Bus Efficiency Plan Proposed to School Board

By Caroline Boras

Students’ bus rides may get shorter under a series of recommendations now before the Loudoun County School Board. The school system could save millions of dollars, too.

The district’s Student Support and Services Committee presented its plan on Tuesday night.

“This is something that is multiple years in the works,” School Board member Eric Hornberger (Ashburn) said. “We’ve been looking for something that will increase both efficiency and effectiveness.”

The committee worked with the Division of Transportation Services and consulting firm Edulog Logistics Inc. to create three scenarios to address the concerns with current bus route system. All involve consolidating bus stops, maximizing bus space and adjusting start and dismissal times for the schools that would be affected.

The recommended course of action was called the low impact scenario, which would affect 19 schools—four middle schools and 15 high schools. By consolidating bus stops, the schools’ 394 bus routes could be reduced by as many as 45. These schools would start their days 15 minutes later. The plan could save between $1.5 and $2.9 million annually.

The committee created two other scenarios—medium and high impact—but it did not recommend either plan. Both would impact 57 elementary, 15 middle and 15 high schools—almost every school in the county.

The committee members said they did not include elementary students in their recommended low impact plan because they did not want the young students being picked up at 6:10 a.m., the proposed pickup time for both the medium and high impact plans.

The committee used software to develop the list of potential consolidated bus stops. One example presented to the board was Bankfield Drive, on the way to Woodgrove High School. The proposed route would consolidate three stops along that stretch to just one. Other proposed routes changes targeted the removal three-point turn-arounds to save time.

The committee said the list of bus stops generated by the software are not set in stone. It provided ideas as to what the new routes could look like, but the committee will apply its knowledge of the county’s roads before making any permanent changes.

The School Board discussed the proposal at length following the presentation.

[See the full presentation here.]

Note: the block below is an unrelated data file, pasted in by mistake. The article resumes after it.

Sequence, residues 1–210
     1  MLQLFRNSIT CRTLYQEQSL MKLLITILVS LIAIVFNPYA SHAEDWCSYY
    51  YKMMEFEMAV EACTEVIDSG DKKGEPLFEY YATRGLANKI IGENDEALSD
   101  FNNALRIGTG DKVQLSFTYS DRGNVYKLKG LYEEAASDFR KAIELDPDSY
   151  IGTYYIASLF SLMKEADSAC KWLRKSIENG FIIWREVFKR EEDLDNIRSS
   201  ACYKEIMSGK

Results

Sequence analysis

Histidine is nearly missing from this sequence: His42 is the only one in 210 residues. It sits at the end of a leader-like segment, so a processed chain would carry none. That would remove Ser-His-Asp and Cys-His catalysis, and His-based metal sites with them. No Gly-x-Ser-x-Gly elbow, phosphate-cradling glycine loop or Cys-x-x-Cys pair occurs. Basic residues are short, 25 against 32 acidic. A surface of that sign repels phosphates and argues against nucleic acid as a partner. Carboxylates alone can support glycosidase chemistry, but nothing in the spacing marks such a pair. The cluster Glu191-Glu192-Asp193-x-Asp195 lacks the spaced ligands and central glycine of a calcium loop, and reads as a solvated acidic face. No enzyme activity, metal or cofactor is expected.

“To do this successfully,” Eric DeKenipp (Catoctin) said, “we need to go in not with a hatchet, making broad, sweeping changes, but with a scalpel.”

Debbie Rose (Algonkian) emphasized that reducing the number of bus routes would not put any bus drivers out of work; the school system already has a shortage of bus drivers.

Tom Marshall (Leesburg) said he does not think high school students will have a problem with school starting 15 minutes later.

The discussion turned to the safety of the proposed plans.

Joy Maloney (Broad Run) said maximizing bus capacity could be a challenge to present to parents.

“I don’t want people to think we’re planning for the buses to be overcrowded,” she said. “We’re already hearing complaints.”

The maximum capacity for buses carrying elementary students is 77, and 51 for middle and high school students. The committee reported that the average school bus route has 38 students, and wants to increase that number.

Chairman Jeff Morse (Dulles) said his concern was with the medium and high impact plans, and the safety of the elementary students walking to and from the consolidated bus stops

Under the school system’s policies, the maximum walking distance for a bus stop is one mile. DeKenipp echoed Morse’s concerns, saying he does not want elementary school students walking half an hour to their bus stops in the winter when it’s dark in the mornings and afternoons.

Beth Huck (At Large) said the safety concerns would resolve themselves as the committee continues its work.

“I look forward to this fall, having it be less stressful on transportation,” she said.

The plan is scheduled to be voted on as an action item at the May 23 School Board meeting.

“There is a little bit of homework to do,” Morse said of the committee’s proposal. “Certainly, when we come back for the action item, we can resolve any outstanding issues.”

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